Well, all good things must come to an end and, sadly, this trip is no exception. I woke up bright and early this morning, right at my usual time. I was OK with that, though, because it allowed me to eat a bigger meal at IHOP and still be on the road by 9am.
By the way, I had a really excellent stay at the Holiday Inn Express in South Lake Tahoe. Even the coffee in the lobby was tasty…plus, they were considerate enough to decorate to match the Ninjette.
Not terribly surprisingly, my GPS wouldn’t start up again this morning. Even my “swap the batteries” trick didn’t work. I was headed the same direction as yesterday for the first 40 miles or so, though, so I pulled on my big girl helmet* and was only marginally uncomfortable instead of in a panic. I decided to leave the GPS off and think threatening thoughts at it and try it again in Markleeville.
* This is a lie. My helmet is a children’s size small.
My first stop was in Meyers, to photograph the creepy Native American roadside statue for the Equinox to Equinox Rally (7 points!). As I was pulling out, who should see me and stop but the F650GS Dakar couple! We laughed and waved and I finally took a photo of them and they returned the favor.
In Meyers, I had a small routing decision. I could be responsible and take Highway 50 directly home, or I could have more fun and take the longer, windy Highway 4. I contemplated this decision for about 5 seconds.
It felt really good to make that decision, by the way. One of the things Alison and I had discussed at dinner last night was how men and women sacrifice differently for their kids (yes, sweeping generalization. Deal.). As moms, both of us tend to rush home or run straight inside if we’ve been out sans children, whereas the men seem to take their time and maybe stop at the store on their way home or do something outside or in the garage after arriving at home. So it felt odd to me to intentionally decide to take the long way home and not rush back immediately. It felt very decadent.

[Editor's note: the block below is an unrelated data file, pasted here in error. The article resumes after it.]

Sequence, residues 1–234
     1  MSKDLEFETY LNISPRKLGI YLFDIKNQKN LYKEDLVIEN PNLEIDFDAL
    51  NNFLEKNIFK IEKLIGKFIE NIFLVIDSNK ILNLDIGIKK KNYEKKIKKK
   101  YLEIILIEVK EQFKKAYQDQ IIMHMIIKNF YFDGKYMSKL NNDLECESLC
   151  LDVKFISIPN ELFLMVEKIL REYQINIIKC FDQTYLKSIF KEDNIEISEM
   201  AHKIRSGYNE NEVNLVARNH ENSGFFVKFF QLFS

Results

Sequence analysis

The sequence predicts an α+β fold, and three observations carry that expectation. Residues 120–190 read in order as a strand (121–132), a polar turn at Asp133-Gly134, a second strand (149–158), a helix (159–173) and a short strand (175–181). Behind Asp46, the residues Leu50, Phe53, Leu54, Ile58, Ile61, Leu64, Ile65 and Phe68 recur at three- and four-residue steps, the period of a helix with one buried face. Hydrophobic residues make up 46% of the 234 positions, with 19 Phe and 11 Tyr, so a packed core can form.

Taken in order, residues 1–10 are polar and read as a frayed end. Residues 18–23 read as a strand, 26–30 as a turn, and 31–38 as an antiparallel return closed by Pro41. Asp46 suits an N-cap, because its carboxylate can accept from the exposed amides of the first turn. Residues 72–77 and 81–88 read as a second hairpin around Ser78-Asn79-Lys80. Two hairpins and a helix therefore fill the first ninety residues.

Anyway, back south to Markleeville I went. I didn’t take many photos along the route this time; surprisingly enough, the scenery looked the same as it did yesterday. Periodically, I tried hitting the power button on the GPS but it stubbornly stayed off.
In Markleeville, I stopped to photograph a historical marker that I didn’t see yesterday (5 points!). Guess who pulled up while I was stopped? At this point, we decided fate had brought us together and we all finally exchanged names and email addresses. Dennis and Zenny live up near Sonoma, so who knows, maybe we’ll bump into each other on the local roads someday.
We headed south on Hwy 89 together until the junction with Hwy 4; at that point, I was heading west on 4 and they were going back over Monitor Pass to Hwy 395 to visit Bodie.
Incidentally, the GPS started working at this point again, too. Ugh, that damn thing. I’m going to teach it a lesson and totally buy a new one. You hear that, inanimate object??
Highway 4 runs over Ebbetts Pass and is Northern California’s highest road. This paragraph from Wikipedia explains why it’s such a great motorcycling road:
“Today, Ebbetts Pass is one of the least traveled passes in the Sierra Nevada. An extensive section of highway over the pass is less than two lanes with no dividing line. It has very steep sections with hairpin corners. The eastern slope is particularly difficult, as many of the hairpin corners are blind, and steepen suddenly at the apex, making it necessary to shift to first gear in most vehicles. It is rarely used by commercial traffic and is not recommended for vehicles towing long trailers.”